The terms “hospice care” and “palliative care” are often used interchangeably, which can cause some confusion for those who haven’t experienced these types of care before. While the terms at first may appear to describe the same goals, they are actually complementary services that have two distinct benefits for patients.
“Both hospice and palliative care are forms of compassionate care to individuals with serious illnesses,” says Heather Battey, Executive Director at amavida, a retirement community in Fort Myers, Florida. “However, hospice care is exclusively provided at the end of someone’s life, while palliative care can happen at any point of diagnosis or treatment. Hospice care usually includes palliative care, but palliative care is not always accompanied by hospice care.”
What is palliative care?
Also known as “comfort care,” palliative care is all about providing a higher quality of life to an individual with a debilitating disease. Palliative care can be given whether the disease is terminal or not, whether treatment is being given and no matter how long the patient is expected to live. The focus of this form of care is to give relief – whatever that may mean for the patient. This can be everything from treating depression, dealing with nausea and pain, or even providing spiritual guidance. Palliative care can be short-term or long-term, and there’s no time frame for when it can be started (or must be stopped). In fact, the point of palliative care is to provide a patient with a longer, happier and healthier life.
What is hospice care?
Hospice care is also known as “end of life care,” and is provided when a terminally ill patient has reached the point where treatment is no longer curative. Unlike palliative care, hospice care is called for when a doctor (or doctors) certify that a patient is within six months of the end of their life. There is no goal of curing the disease or extending the patient’s life – the point of hospice care is to manage the symptoms of the disease and keep the patient comfortable until the end.
Who provides palliative care?
Palliative care can be provided by any healthcare professional. Doctors, nurses, physician assistants, social workers, dieticians, chaplains, massage therapists and psychologists are just some of the professionals who can provide or specialize in this form of care. Palliative care is typically provided by a care team who works in conjunction with doctors to provide a better quality of life and support.
Who provides hospice care?
Hospice care can be provided by programs based in a healthcare system or by independent hospice houses. It’s a common misconception that “hospice” is a place you go (although there are hospice care facilities across the United States). In fact, many individuals choose to receive hospice care in the comfort of their own home. Just as with palliative care, the hospice care team works in collaboration with your doctors – although medical treatment has stopped at this point, so balancing treatments is less critical.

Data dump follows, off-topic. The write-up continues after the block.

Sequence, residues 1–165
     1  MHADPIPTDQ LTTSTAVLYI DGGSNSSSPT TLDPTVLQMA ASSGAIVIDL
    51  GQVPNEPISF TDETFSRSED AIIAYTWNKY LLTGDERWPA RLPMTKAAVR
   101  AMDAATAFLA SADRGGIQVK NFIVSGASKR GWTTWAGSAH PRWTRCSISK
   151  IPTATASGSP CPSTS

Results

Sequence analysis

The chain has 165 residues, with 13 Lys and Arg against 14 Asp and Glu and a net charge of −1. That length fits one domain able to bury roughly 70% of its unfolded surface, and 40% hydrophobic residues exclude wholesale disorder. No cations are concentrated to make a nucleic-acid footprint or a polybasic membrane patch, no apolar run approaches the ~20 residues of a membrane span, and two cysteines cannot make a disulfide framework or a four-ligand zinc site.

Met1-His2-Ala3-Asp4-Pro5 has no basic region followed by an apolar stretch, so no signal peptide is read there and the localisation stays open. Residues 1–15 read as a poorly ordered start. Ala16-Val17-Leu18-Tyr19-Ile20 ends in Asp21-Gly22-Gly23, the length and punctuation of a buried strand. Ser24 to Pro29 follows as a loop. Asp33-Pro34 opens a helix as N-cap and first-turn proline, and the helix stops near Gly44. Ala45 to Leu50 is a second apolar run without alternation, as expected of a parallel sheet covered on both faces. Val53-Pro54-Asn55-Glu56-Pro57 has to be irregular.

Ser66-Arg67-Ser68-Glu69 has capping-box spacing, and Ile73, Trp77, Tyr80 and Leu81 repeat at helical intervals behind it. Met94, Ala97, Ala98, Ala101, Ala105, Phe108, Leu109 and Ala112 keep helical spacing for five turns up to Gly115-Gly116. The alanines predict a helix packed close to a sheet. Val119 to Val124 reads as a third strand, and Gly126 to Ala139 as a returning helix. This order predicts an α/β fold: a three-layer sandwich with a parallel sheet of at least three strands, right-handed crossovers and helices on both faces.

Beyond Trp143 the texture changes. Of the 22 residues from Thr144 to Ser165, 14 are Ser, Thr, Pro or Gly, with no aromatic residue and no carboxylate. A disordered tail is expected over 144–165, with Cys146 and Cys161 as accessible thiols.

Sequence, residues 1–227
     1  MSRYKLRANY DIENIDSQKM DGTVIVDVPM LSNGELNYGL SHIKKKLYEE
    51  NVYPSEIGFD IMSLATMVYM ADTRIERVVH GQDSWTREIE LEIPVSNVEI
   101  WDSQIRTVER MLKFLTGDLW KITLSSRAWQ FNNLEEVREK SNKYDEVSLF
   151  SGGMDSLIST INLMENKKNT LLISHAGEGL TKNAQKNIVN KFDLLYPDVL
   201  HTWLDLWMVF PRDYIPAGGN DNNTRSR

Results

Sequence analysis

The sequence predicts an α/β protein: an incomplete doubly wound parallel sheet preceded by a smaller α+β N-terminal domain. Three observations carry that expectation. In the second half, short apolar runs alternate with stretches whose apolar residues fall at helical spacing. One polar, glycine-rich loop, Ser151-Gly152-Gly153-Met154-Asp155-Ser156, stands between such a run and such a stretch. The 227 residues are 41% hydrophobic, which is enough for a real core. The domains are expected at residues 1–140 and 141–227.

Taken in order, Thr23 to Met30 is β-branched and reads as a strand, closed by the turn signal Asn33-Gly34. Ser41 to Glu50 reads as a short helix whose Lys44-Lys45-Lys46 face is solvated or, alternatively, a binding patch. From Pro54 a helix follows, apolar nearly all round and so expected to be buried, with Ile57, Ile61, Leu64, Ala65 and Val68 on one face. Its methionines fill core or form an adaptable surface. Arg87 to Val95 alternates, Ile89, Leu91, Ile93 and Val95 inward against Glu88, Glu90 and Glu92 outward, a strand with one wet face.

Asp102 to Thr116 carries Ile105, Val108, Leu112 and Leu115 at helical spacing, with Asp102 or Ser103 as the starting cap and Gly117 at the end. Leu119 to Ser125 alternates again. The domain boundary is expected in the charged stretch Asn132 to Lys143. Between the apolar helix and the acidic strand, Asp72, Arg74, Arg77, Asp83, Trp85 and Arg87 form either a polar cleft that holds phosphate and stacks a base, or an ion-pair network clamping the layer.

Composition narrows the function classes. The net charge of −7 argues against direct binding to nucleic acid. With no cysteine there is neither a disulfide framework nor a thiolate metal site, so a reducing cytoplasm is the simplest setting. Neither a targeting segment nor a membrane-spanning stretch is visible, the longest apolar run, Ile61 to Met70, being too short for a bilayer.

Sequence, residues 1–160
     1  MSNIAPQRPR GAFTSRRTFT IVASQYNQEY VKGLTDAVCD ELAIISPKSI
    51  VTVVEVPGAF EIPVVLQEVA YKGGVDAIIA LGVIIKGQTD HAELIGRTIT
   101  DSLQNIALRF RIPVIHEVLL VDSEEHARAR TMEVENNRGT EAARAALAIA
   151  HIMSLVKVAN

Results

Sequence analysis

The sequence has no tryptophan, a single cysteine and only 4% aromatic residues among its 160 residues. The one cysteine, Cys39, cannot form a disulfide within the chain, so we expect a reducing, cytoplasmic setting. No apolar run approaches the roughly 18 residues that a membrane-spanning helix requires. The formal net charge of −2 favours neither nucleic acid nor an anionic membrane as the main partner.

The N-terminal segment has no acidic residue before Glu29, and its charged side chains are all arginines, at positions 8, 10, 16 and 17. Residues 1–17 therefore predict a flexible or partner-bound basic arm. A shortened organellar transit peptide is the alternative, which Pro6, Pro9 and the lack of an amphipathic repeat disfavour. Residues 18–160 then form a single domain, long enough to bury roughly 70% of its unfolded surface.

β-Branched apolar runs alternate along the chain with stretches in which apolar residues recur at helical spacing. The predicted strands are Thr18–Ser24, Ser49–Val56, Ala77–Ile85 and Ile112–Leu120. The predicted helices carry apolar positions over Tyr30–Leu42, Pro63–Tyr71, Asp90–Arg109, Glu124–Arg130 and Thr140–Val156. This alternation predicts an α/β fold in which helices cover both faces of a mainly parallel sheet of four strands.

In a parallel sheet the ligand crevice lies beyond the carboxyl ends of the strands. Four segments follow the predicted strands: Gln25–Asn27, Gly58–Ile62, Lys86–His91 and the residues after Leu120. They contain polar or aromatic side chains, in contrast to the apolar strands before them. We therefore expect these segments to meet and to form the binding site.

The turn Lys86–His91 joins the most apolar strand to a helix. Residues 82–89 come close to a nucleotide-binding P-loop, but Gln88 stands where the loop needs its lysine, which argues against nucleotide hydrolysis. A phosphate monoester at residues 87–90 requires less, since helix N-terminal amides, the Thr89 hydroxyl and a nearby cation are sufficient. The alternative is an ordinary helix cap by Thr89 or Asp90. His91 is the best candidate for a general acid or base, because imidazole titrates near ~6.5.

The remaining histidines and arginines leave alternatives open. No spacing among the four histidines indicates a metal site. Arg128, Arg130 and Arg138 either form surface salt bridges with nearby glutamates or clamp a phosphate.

What does palliative care treat?
Illness affects a person’s entire life – not just their physical self. That’s why palliative care is described as a multidisciplinary form of care that can address every aspect of an individual’s illness. Palliative care can provide relief for:
- Physical problems such as trouble sleeping, pain, loss of appetite and other side effects or symptoms.
- Coping, social and emotional problems such as stress, depression, hopelessness and other mental health issues.
- Practical issues such as understanding treatment choices, providing assistance with insurance or connecting you and your family to available services.
- Spiritual issues such as questioning one’s faith or trying to understand why this has happened to them.
What does hospice care treat?
Hospice care, like palliative care, treats the entire person – mind, body and soul. Oftentimes hospice care includes practical, day-to-day assistance like cleaning, tidying up and cooking. Hospice care also provides support for family members, both during the terminal stage and after the patient has passed away.
What treatments do palliative care include?
Palliative care can include a wide variety of treatments, including:
- Medical, such as medication management, therapies such as physical and occupational, nutritional and dietary guidance and referrals to different health providers.
- Emotional, such as connecting you with support groups and facilitating family meetings.
- Practical referrals for financial counseling and connecting with area resources such as housing or transportation.
What treatments does hospice care include?
Hospice care generally includes more hands-on, around-the-clock care than palliative care. Services can include:
- Nursing services, with a case manager who visits several times a week and an on-call nurse available 24-hours a day.
- Social services, with a social worker who can assist with social and emotional needs.
- Counseling services for spiritual support and bereavement counseling.
- Medical equipment to provide a caring and comfortable environment for the patient, such as a hospital bed, oxygen, a wheelchair and more.
- Respite care for caregivers, providing short-term assistance to enable them to care for themselves.
For more information about hospice care and palliative care, contact us today at 877.969.0712.